At the Russian Samara University, named after the academician S.P. Korolev, a small gas turbine engine is being tested to boost jet-powered drones’ speed and payload capacity.
The MGTD-22 “Kolibri” (Humminbird) is a new small-sized gas turbine engine designed to be installed on ultra-light unmanned aerial vehicles. These aircraft are innovative vehicles that can be used for autonomous or remotely manned missions.
According to Ivan Zubrilin, the director of the Engineering Centre at Samara University, the university has constructed and fully assembled the engine.
The engine is equipped with an experimental prototype of the integrated control system developed at the university. In addition to controlling the fuel supply pump, starter generator, and electric valves, it guarantees that the fuel consumption is at its ideal level across all modes of operation. Communication between the control system and the avionics involves the exchange of control commands and status parameters. Following the opinions of specialists, this ought to make incorporating the MGTE into the aircraft substantially cheaper.
It is required to conduct experiments to verify the calculated characteristics of the engine in a variety of different operating situations during the time of testing that lasts for three months.
Compared to piston engines of the same size, the gas turbine engine “Hummingbird” has a high thrust-to-weight ratio, one of its most notable characteristics. Following the calculations made by scientists, it is anticipated that a small drone that is fitted with the “Hummingbird” engine and has a total takeoff weight of 45 kilogrammes will be able to attain a maximum speed of 800 kilometres per hour while flying at a maximum height of 9 kilometres.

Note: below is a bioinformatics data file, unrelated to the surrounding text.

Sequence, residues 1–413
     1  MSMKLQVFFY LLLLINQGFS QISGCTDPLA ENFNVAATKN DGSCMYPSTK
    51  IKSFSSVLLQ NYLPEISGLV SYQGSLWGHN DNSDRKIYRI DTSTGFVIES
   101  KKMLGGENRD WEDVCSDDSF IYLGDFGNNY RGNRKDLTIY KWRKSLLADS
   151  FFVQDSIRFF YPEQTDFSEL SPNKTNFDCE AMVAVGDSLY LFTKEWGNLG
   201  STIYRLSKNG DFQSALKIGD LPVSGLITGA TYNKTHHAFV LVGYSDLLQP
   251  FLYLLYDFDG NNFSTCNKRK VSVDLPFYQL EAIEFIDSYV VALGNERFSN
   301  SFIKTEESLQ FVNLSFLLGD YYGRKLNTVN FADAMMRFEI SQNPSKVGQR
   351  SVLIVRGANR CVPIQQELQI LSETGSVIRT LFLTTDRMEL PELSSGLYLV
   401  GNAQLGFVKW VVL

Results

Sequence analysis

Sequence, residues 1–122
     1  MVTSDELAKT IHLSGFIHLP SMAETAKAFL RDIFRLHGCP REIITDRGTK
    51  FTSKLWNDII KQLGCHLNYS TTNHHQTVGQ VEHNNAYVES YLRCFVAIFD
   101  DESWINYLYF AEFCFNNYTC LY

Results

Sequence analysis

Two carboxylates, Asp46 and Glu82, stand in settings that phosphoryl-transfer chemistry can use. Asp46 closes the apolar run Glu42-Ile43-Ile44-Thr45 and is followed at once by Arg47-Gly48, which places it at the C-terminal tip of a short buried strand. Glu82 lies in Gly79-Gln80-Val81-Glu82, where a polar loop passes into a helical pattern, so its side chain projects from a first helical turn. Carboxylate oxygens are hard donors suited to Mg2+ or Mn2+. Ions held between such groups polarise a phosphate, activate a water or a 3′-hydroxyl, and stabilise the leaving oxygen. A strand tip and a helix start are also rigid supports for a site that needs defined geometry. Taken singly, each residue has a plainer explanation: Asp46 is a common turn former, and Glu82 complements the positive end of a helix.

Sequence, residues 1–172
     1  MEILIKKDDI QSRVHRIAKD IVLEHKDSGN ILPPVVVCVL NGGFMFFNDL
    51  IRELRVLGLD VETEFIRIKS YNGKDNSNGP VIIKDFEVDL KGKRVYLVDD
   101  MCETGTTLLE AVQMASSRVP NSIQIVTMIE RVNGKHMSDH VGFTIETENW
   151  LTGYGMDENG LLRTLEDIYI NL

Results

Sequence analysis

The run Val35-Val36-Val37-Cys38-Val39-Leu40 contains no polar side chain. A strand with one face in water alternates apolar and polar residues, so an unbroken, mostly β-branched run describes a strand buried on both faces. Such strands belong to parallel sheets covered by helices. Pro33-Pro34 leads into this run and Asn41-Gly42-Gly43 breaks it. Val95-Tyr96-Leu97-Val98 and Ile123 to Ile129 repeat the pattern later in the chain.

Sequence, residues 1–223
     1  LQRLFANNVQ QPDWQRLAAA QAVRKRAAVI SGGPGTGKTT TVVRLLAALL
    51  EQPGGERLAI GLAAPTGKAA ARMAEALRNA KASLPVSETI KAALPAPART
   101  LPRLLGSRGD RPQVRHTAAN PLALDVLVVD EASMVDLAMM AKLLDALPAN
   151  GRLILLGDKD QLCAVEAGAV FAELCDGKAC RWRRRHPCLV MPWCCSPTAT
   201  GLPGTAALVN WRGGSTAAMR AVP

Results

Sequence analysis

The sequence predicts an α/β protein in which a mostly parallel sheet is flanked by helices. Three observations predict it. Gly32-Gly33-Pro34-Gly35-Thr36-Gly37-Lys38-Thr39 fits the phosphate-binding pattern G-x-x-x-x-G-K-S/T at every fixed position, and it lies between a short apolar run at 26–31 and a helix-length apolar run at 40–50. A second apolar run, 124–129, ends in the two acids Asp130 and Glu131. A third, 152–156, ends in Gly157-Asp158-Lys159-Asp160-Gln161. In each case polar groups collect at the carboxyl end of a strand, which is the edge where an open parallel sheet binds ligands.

The fact that the tiny engine runs on kerosene, the conventional fuel used in aviation, is another advantage of the engine. Additionally, compared to the standard lithium-polymer batteries used in drones, it possesses a high energy density.
Piloted jet gliders, cargo unmanned aerial vehicles (UAVs) for ultra-fast cargo delivery, and equipment that does not have a landing platform are all possible applications for the “Hummingbird” system. Fire tests are being performed on the device.
The engineers aim to develop a comprehensive family of gas turbine engines with varied power levels. Devices such as the MGTD-40 “Chaika” with a thrust of 400 N (40.8 kgf) and a mass of 4 kg, as well as the MGTD-100 “Eagle” with a thrust of 1 thousand H (102 kgf) and a mass of 13 kilograms, will be included in this category.
These engines will make it possible to realise new projects in the future, such as a high-speed freight drone that is capable of vertical takeoff and landing in any kind of weather and terrain.